With March Madness right around the corner, Duke University superstar freshman basketball player, Zion Williamson, came crashing down to the floor after less than 35 seconds into a huge game against the University of North Carolina Tar Heels last week when his Nike PG 2.5 PE basketball shoe came apart—literally.
The NBA-bound powerhouse planted his foot to change direction, and his left shoe came apart, causing him to fall awkwardly to the floor of the court. Williamson, the 6’7” 285-pound forward, who is one of the most highly regarded college prospects in years, suffered a mild knee sprain, according to Duke coach Mike Krzyzewski. The Nike shoe came apart at the base leaving the sole hanging separately from the rest of the shoe, and Williamson never returned to the game. Number eight-seeded UNC upset the first seed Blue Devils by a score of 88-72 last Wednesday night.
Is Nike Liable for the Injury?
The incident raised a number of questions: How serious is Williamson’s injury, and is Nike legally liable for a defective product that caused an injury to someone who has been called “The Next LeBron James”? It’s not yet clear just how serious the injury is and how much it will affect Williamson’s basketball-playing ability, but if the injury negatively impacts his ability to play and be drafted into the NBA as the top pick, is Nike financially responsible for lost future wages, pain and suffering, or other damages?
Fallout from the Shoe Malfunction
According to reports, the shoe malfunction news traveled fast for Nike, and the fallout for the United States’ largest sportswear brand was immediate. Twitter lit up, late night talk show hosts took their pot shots, and people were sharing the video of Williamson’s fall left and right. Nike stock fell as much as 1.8% in New York trading Thursday, the morning after the fall Wednesday, February 21.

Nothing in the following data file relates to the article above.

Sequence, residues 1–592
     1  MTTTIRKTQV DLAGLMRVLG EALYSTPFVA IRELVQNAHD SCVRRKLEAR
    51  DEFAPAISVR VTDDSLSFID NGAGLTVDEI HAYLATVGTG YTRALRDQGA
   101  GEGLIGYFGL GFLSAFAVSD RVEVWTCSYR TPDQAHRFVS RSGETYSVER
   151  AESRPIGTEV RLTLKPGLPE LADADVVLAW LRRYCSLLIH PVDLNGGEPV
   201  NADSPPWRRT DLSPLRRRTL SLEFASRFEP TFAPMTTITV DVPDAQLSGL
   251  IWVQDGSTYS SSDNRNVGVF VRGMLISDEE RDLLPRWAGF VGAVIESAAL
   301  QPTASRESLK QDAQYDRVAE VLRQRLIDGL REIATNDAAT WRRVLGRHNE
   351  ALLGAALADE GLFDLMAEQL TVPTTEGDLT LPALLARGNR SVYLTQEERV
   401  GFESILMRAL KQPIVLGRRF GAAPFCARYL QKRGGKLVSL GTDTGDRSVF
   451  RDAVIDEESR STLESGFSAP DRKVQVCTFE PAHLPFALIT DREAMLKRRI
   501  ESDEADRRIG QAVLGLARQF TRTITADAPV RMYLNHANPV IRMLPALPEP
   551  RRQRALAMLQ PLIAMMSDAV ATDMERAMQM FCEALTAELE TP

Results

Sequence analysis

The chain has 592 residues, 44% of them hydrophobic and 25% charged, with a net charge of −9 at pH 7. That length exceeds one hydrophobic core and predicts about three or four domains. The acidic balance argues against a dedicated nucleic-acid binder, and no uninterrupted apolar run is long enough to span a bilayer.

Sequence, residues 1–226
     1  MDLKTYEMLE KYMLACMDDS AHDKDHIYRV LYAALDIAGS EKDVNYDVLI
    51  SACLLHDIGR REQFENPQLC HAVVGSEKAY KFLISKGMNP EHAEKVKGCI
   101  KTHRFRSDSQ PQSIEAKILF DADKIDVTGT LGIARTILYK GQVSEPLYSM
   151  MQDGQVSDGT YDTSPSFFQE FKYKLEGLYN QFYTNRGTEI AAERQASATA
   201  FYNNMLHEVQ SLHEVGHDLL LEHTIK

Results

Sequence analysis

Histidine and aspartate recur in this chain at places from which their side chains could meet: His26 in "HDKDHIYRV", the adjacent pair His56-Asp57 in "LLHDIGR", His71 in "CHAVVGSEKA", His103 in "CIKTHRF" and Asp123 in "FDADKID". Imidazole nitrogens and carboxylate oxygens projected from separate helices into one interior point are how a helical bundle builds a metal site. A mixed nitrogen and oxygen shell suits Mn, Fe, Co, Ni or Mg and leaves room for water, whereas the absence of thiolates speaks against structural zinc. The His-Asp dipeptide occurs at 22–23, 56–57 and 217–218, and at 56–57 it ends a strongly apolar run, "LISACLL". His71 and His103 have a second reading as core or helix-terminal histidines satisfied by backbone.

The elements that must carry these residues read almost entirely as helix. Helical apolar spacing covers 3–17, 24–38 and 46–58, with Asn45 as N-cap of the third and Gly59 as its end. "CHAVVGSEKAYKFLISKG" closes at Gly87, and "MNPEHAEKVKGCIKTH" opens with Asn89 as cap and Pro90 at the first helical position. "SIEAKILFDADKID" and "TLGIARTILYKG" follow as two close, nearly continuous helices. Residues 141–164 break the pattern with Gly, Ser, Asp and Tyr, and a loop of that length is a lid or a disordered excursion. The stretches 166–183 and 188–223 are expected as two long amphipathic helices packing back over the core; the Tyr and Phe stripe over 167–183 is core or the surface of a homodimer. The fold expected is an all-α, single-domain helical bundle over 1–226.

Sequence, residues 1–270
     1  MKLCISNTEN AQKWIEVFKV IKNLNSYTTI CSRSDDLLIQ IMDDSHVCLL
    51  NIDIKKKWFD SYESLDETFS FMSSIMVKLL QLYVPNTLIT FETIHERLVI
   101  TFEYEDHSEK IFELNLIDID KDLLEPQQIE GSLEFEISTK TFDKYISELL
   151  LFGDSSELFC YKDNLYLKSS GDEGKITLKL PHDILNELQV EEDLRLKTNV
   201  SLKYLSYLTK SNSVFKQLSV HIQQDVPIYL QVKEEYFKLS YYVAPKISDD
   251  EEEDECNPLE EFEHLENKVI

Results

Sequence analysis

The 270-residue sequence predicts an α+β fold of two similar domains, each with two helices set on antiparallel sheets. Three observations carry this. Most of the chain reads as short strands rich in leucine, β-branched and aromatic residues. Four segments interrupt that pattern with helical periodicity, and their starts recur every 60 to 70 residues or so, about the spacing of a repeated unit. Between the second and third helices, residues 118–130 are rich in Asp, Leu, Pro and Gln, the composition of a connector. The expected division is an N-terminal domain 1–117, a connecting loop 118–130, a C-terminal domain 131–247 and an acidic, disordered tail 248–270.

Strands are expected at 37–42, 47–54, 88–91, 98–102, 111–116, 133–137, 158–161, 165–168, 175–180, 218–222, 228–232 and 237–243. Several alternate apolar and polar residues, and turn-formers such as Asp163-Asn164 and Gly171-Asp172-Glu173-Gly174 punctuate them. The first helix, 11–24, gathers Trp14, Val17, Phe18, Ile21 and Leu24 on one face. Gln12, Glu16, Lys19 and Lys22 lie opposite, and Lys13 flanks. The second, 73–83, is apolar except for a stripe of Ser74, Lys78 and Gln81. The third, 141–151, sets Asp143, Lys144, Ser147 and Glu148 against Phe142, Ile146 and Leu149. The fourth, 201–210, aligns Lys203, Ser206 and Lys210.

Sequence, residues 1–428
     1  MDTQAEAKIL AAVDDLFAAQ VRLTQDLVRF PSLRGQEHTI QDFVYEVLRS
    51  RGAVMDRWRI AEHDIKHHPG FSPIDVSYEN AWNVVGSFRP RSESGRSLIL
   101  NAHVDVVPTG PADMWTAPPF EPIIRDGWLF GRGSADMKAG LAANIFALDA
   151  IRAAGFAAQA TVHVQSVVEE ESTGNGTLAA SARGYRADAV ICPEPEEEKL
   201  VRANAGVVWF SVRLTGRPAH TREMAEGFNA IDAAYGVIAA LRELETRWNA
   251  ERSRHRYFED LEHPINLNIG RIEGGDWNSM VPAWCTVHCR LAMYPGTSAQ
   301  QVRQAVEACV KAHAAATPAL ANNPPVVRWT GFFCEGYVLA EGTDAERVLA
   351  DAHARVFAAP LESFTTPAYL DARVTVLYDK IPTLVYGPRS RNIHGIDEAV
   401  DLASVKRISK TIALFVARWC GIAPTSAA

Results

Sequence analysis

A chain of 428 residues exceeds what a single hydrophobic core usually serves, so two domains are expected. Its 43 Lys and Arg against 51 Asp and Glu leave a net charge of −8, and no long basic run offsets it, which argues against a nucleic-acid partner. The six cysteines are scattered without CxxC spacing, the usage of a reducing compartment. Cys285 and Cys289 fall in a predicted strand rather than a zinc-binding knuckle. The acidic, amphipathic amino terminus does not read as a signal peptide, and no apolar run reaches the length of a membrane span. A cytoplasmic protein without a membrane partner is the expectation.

The shoe malfunction could not have come at a worse time for Nike. The game, which was televised nationally on ESPN, was one of the most anticipated college basketball games of the year. The cheapest resale tickets leading up to tip-off were over $2,500, close to the price of Super Bowl tickets. Former President Barack Obama and director Spike Lee were just two of the celebs in the stands that night.
Williams’ fall could also hurt Nike’s relationship with college sports altogether. Companies like Nike, Adidas, and Reebok pay tens of millions of dollars for the exclusive right to outfit high profile college programs like Duke basketball. Athletes at the schools are required to wear uniforms and shoes made by the teams’ sponsors; in this case, Nike was the team sponsor for Duke. Even though the contract terms are not public, to get an idea of the ballpark of the money involved in sponsorship such as this, the University of Kentucky Wildcats, another top basketball team, recently extended its Nike deal for eight years and $30.6 million.
Is Nike At Fault?
Former Nike developer and engineer, Tiffany Beers, who worked on high-profile projects such as the Nike Mag and HyperAdapt 1.0 said it’s difficult to pinpoint an exact reason for the malfunction. “From my experience, clearly there’s a material issue…Another factor is, was it a mass produced shoe, or was it a sample? Maybe the cure of the cement wasn’t done properly. There has to be a manufacturing issue.”
Beers pointed to other possible contributors to the malfunction: heavy wear, the freshman’s play style, or his physical attributes.
If Nike becomes the target of a product liability lawsuit, the plaintiff would have to prove that an injury occurred due to the shoe’s defect. If Williamson’s injury is more serious than his coach reported early on, Williamson and Duke University could possibly sue Nike. If Williamson’s injury leads to lasting or permanent impairment in his ability to succeed as a basketball player, he could argue that Nike is liable for manufacturing a defective sneaker that caused his injury.
Nike is legally obligated to market footwear that is of reasonable quality for its intended purpose. Article 2 of the Uniform Commercial Code, which has been adopted in North Carolina, obligates retailers “to provide goods that are merchantable, meaning of ordinary quality.” A shoe that falls apart 35 seconds into a basketball game, if it had not been tampered with or misused by the wearer, fails that test.
Having a product liability case on its hands would be disastrous for Nike, a company who, unfortunately, is no stranger to problems with sports apparel falling apart. In 2017, several NBA players had their jerseys torn by other players in the middle of a game, including LeBron James, Tyler Ennis, Draymond Green, Ben Simmons, Kevin Love, and Thaddeus Young.